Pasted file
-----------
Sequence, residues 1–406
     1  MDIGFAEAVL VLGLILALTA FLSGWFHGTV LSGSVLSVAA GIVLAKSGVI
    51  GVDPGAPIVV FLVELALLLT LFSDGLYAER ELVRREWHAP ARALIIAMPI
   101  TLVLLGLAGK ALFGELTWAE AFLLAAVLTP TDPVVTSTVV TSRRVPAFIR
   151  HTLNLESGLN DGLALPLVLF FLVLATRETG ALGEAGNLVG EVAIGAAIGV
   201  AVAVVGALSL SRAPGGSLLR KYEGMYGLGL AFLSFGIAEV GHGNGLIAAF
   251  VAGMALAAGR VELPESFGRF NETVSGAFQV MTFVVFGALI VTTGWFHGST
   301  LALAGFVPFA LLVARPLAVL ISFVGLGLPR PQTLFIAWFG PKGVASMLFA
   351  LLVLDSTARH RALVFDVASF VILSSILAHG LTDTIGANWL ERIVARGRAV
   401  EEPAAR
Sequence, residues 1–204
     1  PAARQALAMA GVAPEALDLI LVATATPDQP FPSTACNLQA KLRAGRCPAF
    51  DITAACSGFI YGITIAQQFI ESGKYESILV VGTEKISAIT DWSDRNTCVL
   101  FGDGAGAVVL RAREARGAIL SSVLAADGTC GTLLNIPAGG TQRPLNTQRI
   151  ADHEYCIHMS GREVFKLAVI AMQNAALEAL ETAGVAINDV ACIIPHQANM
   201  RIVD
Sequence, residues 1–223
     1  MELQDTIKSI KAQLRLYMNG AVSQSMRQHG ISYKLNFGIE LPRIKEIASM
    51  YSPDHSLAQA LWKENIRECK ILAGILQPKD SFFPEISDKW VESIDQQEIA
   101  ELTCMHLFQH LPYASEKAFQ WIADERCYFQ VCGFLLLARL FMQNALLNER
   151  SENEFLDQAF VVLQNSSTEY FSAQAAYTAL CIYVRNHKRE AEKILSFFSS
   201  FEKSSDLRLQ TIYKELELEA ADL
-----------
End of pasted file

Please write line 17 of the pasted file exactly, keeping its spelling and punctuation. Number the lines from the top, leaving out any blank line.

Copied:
Sequence, residues 1–223